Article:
An Evening at the River

S. and I left the orphanage in the evening to head into Phnom Pehn. There are some of the better restaurants, regrettably, in the tourist area near the Tonle Sap riverfront. We decided to take a moto taxi, as it is cheap and abundant in the outskirts of town where we are staying. Scott and I are at the maximum weight anyone would want to do this, BTW. So we get a bike and driver and as I’m putting on my gloves they start driving away. I hop on and we begin our harrowing night drive into town. First, we head down the rocky dirt road to the main road. From there, it’s a straight shot into town, though “straight” in this case means a lot of weaving and honking and insane traffic circles. No close calls for us this ride since the entire journey felt treacherous.

Earlier that day, we had seen a fairly hilarious near accident where a group of three riders on a bike had to slam on the brakes and powerslide to avoid hitting another two-up bike that pulled out in front of them. The female passenger on the target bike had a zinger of an expression. For some reason I felt safer riding bitch in Vietnam, but this was pre scooter accident and I lacked a realistic sense of the danger involved. Since I was so lucky in my own crash, I am not going to push my luck more than absolutely necessary here. The rush of riding open air in crazy Asian roads has to be experienced to be believed, but with patchy emergency medical care (at least in Cambodia) it literally is death-defying. In Chiang Mai, I will likely rent a bike and helmet and drive by myself. I’ll be over there too long not to try it.

We arrived at the tourist area walked for a while before S. started browsing for pants. There were many opportunists in the area: beggars, counterfeit travel guide peddlers, moto and tuk tuk drivers, hostesses thrusting menus. The area felt seedy and depressing as most tourist areas do, and it was weird to see white people wandering around again. Pale blokes stick out like fleas in cream cheese.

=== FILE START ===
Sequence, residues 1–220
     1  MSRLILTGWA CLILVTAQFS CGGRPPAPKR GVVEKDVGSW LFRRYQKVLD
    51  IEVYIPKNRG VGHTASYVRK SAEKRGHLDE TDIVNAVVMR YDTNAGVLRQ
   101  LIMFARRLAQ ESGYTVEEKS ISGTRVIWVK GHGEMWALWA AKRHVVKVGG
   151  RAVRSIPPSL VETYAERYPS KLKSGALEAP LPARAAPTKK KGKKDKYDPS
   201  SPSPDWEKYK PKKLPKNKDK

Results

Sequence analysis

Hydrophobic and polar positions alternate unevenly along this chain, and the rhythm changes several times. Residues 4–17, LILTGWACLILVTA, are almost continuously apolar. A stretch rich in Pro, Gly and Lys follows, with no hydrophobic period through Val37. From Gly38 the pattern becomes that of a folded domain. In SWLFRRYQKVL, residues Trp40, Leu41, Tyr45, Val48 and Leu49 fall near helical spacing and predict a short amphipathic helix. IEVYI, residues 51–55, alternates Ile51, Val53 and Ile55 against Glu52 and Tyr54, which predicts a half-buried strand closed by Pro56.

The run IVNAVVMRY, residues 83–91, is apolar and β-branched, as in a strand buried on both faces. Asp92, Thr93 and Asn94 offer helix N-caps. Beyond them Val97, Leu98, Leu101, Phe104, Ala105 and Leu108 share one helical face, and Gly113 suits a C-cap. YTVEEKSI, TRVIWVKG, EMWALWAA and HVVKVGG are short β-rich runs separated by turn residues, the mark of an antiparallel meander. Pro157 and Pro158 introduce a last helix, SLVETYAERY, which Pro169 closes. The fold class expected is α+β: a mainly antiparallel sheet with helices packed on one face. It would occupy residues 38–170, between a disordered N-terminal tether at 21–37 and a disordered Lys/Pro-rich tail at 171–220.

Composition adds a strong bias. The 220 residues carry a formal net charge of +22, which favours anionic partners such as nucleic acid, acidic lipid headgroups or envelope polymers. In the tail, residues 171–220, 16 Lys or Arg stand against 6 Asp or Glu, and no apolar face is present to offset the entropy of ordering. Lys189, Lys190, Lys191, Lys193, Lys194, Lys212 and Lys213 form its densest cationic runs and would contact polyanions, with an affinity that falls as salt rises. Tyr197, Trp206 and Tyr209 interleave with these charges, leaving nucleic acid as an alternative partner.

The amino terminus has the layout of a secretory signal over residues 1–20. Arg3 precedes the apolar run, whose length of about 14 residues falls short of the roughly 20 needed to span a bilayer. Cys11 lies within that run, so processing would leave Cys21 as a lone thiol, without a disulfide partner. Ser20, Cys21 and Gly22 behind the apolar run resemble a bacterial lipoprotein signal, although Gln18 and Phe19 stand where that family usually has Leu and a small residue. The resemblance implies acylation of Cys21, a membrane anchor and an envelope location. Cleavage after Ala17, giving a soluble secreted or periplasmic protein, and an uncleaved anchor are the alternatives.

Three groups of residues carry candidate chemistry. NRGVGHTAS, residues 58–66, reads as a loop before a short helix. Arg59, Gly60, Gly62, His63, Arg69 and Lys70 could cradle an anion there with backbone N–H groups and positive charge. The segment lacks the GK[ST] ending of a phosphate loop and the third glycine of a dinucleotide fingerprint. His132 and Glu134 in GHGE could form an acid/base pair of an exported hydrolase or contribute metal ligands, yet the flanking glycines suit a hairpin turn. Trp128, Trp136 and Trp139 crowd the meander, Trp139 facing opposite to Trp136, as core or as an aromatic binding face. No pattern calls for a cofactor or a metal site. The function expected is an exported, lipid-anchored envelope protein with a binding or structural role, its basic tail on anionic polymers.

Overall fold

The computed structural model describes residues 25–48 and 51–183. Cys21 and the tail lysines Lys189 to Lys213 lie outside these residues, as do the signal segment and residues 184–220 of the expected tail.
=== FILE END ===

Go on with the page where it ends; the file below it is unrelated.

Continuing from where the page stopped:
I ate some awesome green curry. At about half of what it would cost at home, the dish tasted basically similar though less coconut and sweet flavors. There was the addition of a sliced green vegetable that tastes similar to tomato (and may be tomato).

Upstairs in a hot open room overlooking the river, S. and I played a few games of pool, drank one beer each, and were charmed by the waitress in red.

Storms rolled in before we began to head home. With some difficulty in finding a car taxi, we made it back to the orphanage. There was supposed to be a key left by the gate so that we could get in, but it wasn’t there. S. had actually grabbed a small frog while groping around for it. Problem 1) No key, and everyone was asleep. S. clanged on the gate and one of the older orphans eventually wandered over and fetched the keys and opened the gate. Problem 2) We didn’t have any small bills to pay the driver. I ran inside to root through my money while S. was waiting and getting soaked. When I got back to him, the gate was locked again and I couldn’t get it unlocked with the key. So we get soaked in rain, then I run to the main room and peer into the mosquito nets to see where one of the administrators is. I find him, he runs and opens the gate and loans us $2US to pay the driver. Meanwhile I had a good, though broken conversation with the cab driver. He seemed to take all the delays and soaking rain in stride, like it happened daily.

June 10th, 2005. Categories / Cambodia

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